David Cunliffe's Best Start package seeks to confirm Labour's leader of four months as a firm adherent of traditional Labour Party thinking.
The package does that. But only up to a point. To a degree, Best Start. which will provide extra cash for families with children under the age of three, flatters to deceive.
Best Start draws its inspiration from the expanding welfare state eras of Norman Kirk and Michael Joseph Savage in terms of using the redistributive powers of the state to tackle income inequality and help financially struggling parents to bring up their children.
It appears at first glance to be a generous package which will have those on Labour's left doing cartwheels. It would seem to leave the Greens looking comparatively conservative. No doubt, that was one of the intentions of the package's creators.
And it is a significant first shot in the major Opposition party's efforts to define this year's election as being about income inequality.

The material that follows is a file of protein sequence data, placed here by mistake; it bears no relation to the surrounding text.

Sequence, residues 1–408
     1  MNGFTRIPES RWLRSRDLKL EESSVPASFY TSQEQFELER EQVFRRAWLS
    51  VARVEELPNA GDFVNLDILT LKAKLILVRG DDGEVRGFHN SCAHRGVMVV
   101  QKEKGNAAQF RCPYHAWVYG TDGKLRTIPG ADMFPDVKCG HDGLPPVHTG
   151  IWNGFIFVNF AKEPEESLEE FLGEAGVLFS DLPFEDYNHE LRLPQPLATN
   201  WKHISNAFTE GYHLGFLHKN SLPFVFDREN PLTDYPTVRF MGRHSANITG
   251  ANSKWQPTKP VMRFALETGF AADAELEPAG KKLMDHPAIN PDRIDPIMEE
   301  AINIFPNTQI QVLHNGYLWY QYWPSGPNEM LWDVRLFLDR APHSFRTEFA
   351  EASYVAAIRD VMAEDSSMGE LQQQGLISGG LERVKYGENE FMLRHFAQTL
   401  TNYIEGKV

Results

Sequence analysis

The package could yet be a victim of its apparent generosity, however. National is bound to highlight Best Start's provision of a universal payment for a baby's first year of life of $60 a week for all families earning less than $150,000 a year. National will ask if families on that kind of income need or deserve that level of assistance.
The number of qualifying families tails off sharply between the child's first and third birthday, thereby raising further questions about the targeting.
Questions will also be asked as to why if the policy is so essential, it would not be implemented in full until 2018. In short, the policy is not all that it might seem.